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Future Collect

Talk Act 3: On Publishing Radical Constitutions

27 Jan 2021

Jade Montserrat speaks to fellow creative practitioners Hamja Ahsan​, ​Emma Dabiri and No Matter

Future Collect artist Jade Montserrat invites fellow creative practitioners Hamja Ahsan​, ​Emma Dabiri and No Matter to join her in a conversation centred on the idea of publishing radical constitutions. Exploring the slippage between performativity and documentation, performance and document, the discussion will consider the potential of what a publication can be, what writing can do, and the notion of publishing as a political act. Montserrat is in the process of creating new work for her Future Collect commission at Manchester Art Gallery, encompassing performance, works on paper and a publication, as she explores questions of care in relation to both objects and people in the context of the gallery’s collection and collecting practices. As part of her research, she has initiated a series of public events in collaboration with creative practitioners working across a variety of media. Act 3 will inform the making of her publication, which as well as documenting aspects of her process will make reference to political pamphlets and acknowledge the lineage of public lectures and debates that Manchester Art Gallery has fostered as the original ‘useful museum’.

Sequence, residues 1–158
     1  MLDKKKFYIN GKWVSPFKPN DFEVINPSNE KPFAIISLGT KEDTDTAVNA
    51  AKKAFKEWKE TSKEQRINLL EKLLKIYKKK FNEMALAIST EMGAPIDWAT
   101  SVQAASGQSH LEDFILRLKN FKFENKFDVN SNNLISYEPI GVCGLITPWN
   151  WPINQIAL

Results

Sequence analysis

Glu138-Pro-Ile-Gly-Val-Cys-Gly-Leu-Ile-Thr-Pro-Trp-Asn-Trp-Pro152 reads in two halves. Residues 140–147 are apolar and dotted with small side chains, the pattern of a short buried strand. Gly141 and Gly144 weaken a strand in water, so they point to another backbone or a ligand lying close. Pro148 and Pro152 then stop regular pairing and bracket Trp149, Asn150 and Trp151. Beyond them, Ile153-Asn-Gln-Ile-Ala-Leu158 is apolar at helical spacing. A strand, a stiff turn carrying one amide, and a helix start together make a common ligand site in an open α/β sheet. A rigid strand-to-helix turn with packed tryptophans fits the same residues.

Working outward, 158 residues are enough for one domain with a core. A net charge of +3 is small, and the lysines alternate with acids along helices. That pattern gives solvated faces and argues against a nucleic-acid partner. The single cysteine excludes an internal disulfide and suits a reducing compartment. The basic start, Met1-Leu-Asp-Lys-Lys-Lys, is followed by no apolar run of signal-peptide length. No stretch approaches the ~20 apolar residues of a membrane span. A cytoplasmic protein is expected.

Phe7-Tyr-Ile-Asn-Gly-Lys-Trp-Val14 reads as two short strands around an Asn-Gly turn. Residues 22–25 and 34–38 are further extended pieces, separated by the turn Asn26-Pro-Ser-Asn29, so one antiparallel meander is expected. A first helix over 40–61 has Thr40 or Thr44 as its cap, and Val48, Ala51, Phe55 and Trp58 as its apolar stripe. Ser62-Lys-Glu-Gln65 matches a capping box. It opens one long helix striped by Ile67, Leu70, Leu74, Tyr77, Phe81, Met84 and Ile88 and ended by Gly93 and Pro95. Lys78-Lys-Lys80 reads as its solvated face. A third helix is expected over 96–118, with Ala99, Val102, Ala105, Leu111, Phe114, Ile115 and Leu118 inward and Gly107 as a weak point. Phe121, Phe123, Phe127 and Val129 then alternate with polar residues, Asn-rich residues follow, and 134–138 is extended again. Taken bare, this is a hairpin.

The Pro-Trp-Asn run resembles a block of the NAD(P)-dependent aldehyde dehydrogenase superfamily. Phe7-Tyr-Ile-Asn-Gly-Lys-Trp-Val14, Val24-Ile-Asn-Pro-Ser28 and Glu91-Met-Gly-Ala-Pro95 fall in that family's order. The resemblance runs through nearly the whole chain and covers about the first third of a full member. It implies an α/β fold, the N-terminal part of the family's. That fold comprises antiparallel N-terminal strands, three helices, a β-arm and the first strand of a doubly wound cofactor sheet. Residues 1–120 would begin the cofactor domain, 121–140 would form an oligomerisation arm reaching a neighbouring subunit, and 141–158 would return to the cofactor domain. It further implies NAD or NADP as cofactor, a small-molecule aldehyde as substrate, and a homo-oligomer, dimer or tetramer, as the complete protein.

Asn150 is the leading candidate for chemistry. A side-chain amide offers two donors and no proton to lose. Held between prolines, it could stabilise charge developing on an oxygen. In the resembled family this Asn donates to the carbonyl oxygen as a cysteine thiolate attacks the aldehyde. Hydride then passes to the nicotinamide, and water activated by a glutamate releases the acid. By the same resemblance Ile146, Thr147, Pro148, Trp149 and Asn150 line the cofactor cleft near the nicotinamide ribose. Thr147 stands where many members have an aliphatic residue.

Biographies

Hamja Ahsan is an artist, writer, curator and activist currently based in Maastricht, The Netherlands and London, UK.  Ahsan’s book Shy Radicals: The Antisystemic Politics of the Militant Introvert, published in 2017 by Book Works has been adopted by the neurodiversity movement and was adapted into a film in 2020. In 2019, he adapted the book into Aspergistan Referendum, a commissioned artwork for the Ljubljana Biennial of Graphic Arts where it received the Grand Prize.  He was shortlisted for the Liberty Human Rights Award for organising the Free Talha Ahsan campaign, and founded the DIY Cultures Festival 2013-2017 of zines and creative activism.

Emma Dabiri is an author, academic and broadcaster. She is a teaching fellow at SOAS and a Visual Sociology PhD researcher at Goldsmiths. Her writing has been published in a number of anthologies, academic journals and the national press, and she has presented ‘Back in Time Brixton’ (BBC2) and ‘Britain’s Lost Masterpieces’ (BBC4), as well as hosting Radio 4’s critically-acclaimed documentary ‘Journeys into Afro-futurism’. Dabiri’s debut book, Don’t Touch My Hair, was published by Penguin in 2019, and her forthcoming book What White People Can Do Next, is due to be published in March 2021.

No Matter is a poetry collective based in Manchester. They run a bi-monthly feminist poetry and performance reading series for poetic and performative experiments, and publish work through No Matter Press. In 2019 they were awarded Arts Council England funding for New Matter, a series of events with specially commissioned performances from poets and artists.

 

Image: Jade Montserrat /// No Need for Clothing /// Performance /// Two Night Stands /// Cooper Gallery DJCAD /// 7 April 2017. Photography by Jacquetta Clark